I got in my car without saying anything. I had never known Jonas personally. I knew of him and saw him around. Would’ve been awkward, walking up randomly. Hi, you don’t know me, but we were in the same graduating class. Yeah, that wouldn’t be weird at all.
Besides, he wasn’t the first person I vaguely remembered from my school years. I had seen people around whose faces I knew, but not their names. Who were in my class, but I never really talked to them. I’m sure everyone has, but it was still odd seeing so many today, especially in our town of thousands. It was like the old school campus had expanded wider over the years, covering a larger area to bring everybody back together, mingling new faces with old ones, hoping to re-introduce me to past friends and help me make my acquaintance to people I missed the first time around.
“Weird,” I said, and started the car.
* * *
I spent most of the day reading, talking to a few classmates, and trying not to constantly watch the clock like everyone else. Easier said than done. Band was the only time that passed by somewhat quickly, as me and the rest of the drumline huddled in a corner, talking and just relaxing. Whatever the conversation, it was always interesting and killed time easily. Or maybe it was because we could sleep if we wanted. Let me tell you, sleeping next to some tuba cases and tall cupboards in the corner isn’t all bad.
Lunch rolled around and unfortunately, I didn’t share the same lunch period as anyone I knew. The faculty made exceptions for seniors today, splitting them into two groups instead of three. I had hoped this meant Jared and Greg would be able to come, but five minutes in, I was alone at the table like I always was, minus the PB&J I normally bring. No sign of Jared or Greg.
Of course, being alone and with several empty chairs at my table, people kept taking them for their table. I had long ago tried not to get up hope that someone would actually sit with me. At most, they only asked, “Is anyone using this?” and barely waited for me to shake my head before whisking it away to their table to sit with their friends. I wanted to yell, “Sure! Take all the fucking chairs! Not like anybody will sit with me!”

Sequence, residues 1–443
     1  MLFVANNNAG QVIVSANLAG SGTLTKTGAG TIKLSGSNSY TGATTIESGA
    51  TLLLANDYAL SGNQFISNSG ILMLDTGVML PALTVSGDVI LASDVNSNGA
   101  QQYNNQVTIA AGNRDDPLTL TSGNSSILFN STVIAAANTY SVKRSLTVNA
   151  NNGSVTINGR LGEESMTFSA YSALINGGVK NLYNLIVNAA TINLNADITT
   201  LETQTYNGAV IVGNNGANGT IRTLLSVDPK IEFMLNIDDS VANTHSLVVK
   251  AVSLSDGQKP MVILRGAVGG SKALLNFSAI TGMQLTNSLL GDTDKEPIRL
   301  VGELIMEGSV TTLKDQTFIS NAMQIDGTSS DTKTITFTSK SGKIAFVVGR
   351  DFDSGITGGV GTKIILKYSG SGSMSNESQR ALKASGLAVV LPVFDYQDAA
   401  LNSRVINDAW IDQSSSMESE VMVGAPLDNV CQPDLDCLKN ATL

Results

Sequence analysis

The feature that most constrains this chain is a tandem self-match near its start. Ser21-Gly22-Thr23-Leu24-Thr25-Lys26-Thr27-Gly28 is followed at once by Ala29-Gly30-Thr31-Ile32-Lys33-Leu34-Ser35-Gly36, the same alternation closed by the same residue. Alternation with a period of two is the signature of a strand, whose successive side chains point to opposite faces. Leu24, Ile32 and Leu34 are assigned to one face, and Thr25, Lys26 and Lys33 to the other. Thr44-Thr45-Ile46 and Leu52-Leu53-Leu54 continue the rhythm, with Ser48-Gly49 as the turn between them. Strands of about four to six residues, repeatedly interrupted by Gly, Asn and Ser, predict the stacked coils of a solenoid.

Sure, I wasn’t exciting or engaging to be around, but I did try. Certainly did better than my earlier freshmen and sophomore years, when I only found out after the fact that I had been an annoying shit. Now, it was most of my other friends who had moved on from friendships with me and gone on to be douchebags.
After the last chair was taken, I consigned myself to just sitting and staring at the table. But then someone grabbed the last chair from another table and brought it over. “Hey,” she said. A freshman girl from one of my electives. A bit on the short side, heavy like me, and cute, unlike me. She opened her notebook, flipping through some pretty good drawings that I was jealous of. I wish I had talent like that.
She didn’t talk much usually, just drew and showed off her pictures. But she was sweet. “Excited about the last day?” she asked.
“You bet.” It was only then I realized I hardly knew a thing about her besides her name (which I can’t remember now), her art interest, that she wore the same black jacket every day, and we shared a class. “You?”
“So,” my mind wandered to any sort of topic, all of them terrible. “Planning to do anything for summer?”
That was it. I gave up and just watched her draw an anime character, nodding and telling her it “looks great.” I had no idea who half the characters were. I was a gamer first and anime was further down the list. Sue me.
When the bell rang, I waved goodbye to her and headed off with the rest of the seniors. As I merged into the crowd, I felt guilty I had never gotten to know her better. She seemed like a good person. Perhaps we could’ve been friends until today. But I had blown my senior year.
Seriously, don’t believe what you see on TV. High school sucks.
* * *
I pulled into the driveway at home and entered the house. It was dark, my mom was asleep in her chair, and everyone else was at work. I did a double fist pump and a little dance. Just the way I like it. Quiet and alone.
My sister’s cats meowed for attention on the way to my room. I pet them, enjoying their purrs as they raised their backsides to make sure every inch of them received attention. My girlfriend’s cats assaulted me for love as soon as I entered our room and after I paid the toll of more behind-the-ear scratches and full-length back strokes, I made it to the closet and changed clothes.